1/72 AMT/ERTL EC-135C 

Looking Glass

by Tony Crews



Though some may argue, you're looking at the representation of the most powerful aircraft in SAC's arsenal.  What does it fire you may ask?  Well, only about 500+ Minuteman III and 50 Peacekeeper ICBMs.  "Looking Glass" was the code word was taken from Lewis Carroll's "Through the Looking Glass" for Strategic Air Command's Airborne Command Post.  The designation was to show that aboard the EC-135 was a mirror representation of SAC Headquarters and was able to perform and relay all message traffic during times of a national emergency.  Besides having quintuple-redundant communications, the ALCS (Airborne Launch Control Center) as it was better known to SAC Missile Crew members, was able to provide follow-on launch capability for America's ICBM fleet should anything prevent launch commands transmitted from the underground LCCs (Launch Control Centers) located across the American Mid-West and Great Plains.  The aircraft carried the same (basically) launch equipment as the capsules, but carried two sets of launch codes to ensure that missiles were launched when the Airborne Launch Crews "turned keys".  The commands were transmitted via a "brute-force" transmitter on board designed to penetrate the static and interference expected during and after a nuclear attack.  The "Glass" performed its duties faithfully from 1961, 7 days a week, 24 hours a day, 365 days a year, until the tensions between the Former Soviet Union and the United States subsided with the fall of the Communist government in 1991.  The aircraft continued its mission in modified shifts (no longer round the clock) through 1998, when United States Strategic Command, the successor to SAC, replaced it with the US Navy's E-6B Mercury or "TACAMO" (another 707/KC-135 airframe, with TACAMO standing for "Take Charge and Move Out" on behalf of our Marine Corps brethren's retired EC-130 Strategic Relay Aircraft.)  Though the TACAMO is manned entirely by a USN flight crew, the battle staff and launch officers are still U.S. Air Force personnel.

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The kit is from AMT/ERTL, and like most of it's line, it becomes a great product only after a tremendous amount of sanding and gap filling superglue.  Unfortunately, this particularly kit was warped and the entire nose had a patch of superglue to fill a 3 mm gap and required a complete rebuilding of the nose.  The fuselage was the hardest fit and required about 12 to 14 hours of dry fitting, sanding, and more dry fitting and more sanding.  The panel lines are recessed, so I was able to re-scribe them very easily, using a Verlinden scribing template.  I used Testors' White for the upper section of the A/C, with the remainder of the aircraft was painted Testors' Aircraft Gray.  I sprayed the white first, being the lighter of the two colors.  Following the painting of the base colors, I highlighted all the panel lines in the gray painted areas with a sharp #2 pencil to provide the right amount of depth to the kit.  However, the white areas only received a delicate brushing of my lightest gray pastel dust applied with a sharply-trimmed paint brush.   The toughest part of painting was masking the demarcation line between the white and gray along the fuselage, which I did with Pactra 1/16" masking tape to ensure a straight and accurate line.  Regular masking tape was then used to mask off the white portions before applying the second color.  This demarcation line is later covered using the black striping from the kit's decal sheet, but bear in mind that the black lines provided are only enough for the fuselage itself.  And naturally, I sprayed the entire kit in Future Floor Wax and allowed it to cure for 48 hours before applying any decals.  You'll have to construct the wing walkways using aftermarket sheets, such as Pacific Aeropress's wonderful line of black stripes, which is my recommendation.  One decal that I had to cannibalize was the refueling receptacle marking that AMT/ERTL conspicuously left off.  This was obtained from an old AMT/ERTL RC-135V RIVET JOINT decal sheet.  After completing the decal application, I let them dry for 24 hours, then sealed them with a few thin coats of Future Floorwax.  No flat coat was applied since the ALCS birds were always pristine and had high gloss finishes.  The anti-glare panel and the landing gear are the only sub-assemblies requiring a flat overcoat for realism and accuracy.  The last parts to be painted were the engines, which were carefully masked and sprayed with SnJ Spray Aluminum paint, then polished with SnJ Polishing Powder.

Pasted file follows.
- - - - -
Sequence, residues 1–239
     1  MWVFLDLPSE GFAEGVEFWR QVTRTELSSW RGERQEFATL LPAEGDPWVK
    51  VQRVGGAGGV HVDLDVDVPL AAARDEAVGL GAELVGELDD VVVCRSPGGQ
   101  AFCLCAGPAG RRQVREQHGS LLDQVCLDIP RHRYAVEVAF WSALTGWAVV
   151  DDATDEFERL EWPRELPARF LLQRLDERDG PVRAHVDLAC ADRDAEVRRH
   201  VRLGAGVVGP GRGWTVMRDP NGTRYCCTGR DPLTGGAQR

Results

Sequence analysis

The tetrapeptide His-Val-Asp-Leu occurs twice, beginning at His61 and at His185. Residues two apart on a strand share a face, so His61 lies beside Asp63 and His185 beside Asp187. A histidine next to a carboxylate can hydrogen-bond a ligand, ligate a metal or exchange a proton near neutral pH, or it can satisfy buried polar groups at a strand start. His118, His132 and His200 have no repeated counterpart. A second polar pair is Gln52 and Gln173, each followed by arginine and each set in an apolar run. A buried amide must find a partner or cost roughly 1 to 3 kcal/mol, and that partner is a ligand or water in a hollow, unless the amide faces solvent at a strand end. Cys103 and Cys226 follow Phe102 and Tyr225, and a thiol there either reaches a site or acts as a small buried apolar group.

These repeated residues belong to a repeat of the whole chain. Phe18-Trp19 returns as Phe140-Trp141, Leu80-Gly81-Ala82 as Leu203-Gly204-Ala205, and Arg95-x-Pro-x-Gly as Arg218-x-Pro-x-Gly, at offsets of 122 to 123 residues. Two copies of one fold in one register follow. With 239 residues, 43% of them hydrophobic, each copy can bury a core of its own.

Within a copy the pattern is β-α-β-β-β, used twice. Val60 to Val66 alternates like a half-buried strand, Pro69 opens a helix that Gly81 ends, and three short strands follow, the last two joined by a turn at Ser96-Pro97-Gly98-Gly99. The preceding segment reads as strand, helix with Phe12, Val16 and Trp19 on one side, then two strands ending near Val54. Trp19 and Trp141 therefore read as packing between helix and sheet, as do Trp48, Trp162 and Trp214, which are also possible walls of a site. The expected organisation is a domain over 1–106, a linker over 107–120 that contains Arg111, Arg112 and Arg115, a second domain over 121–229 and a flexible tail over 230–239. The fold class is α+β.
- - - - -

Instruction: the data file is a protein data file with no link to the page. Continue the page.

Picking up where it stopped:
This kit was made for my former squadron commander and good friend, Col Greg Boyette, while we were stationed at Edwards AFB.  As a major, he was assigned to the 4th Airborne Command and Control Squadron (4 ACCS) and had served on every tail-number in SAC's inventory of EC-135s.  His sister originally bought him the kit as a memento but he had little experience in model building since his pre-Air Force days.  When he found out that I was a decent builder, he entrusted me with the kit and I did it with great pleasure.  It took a while to get it together, but he was overwhelmed with the results and now has it on display in his study until his new job allows him access to his office.  I was so pleased with the results, I bought two EC-135 kits; one to do as an ALCS version, and one converted into a KC-135E, with the latter nearly complete but will have to wait for another posting.


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Photos and text by Tony Crews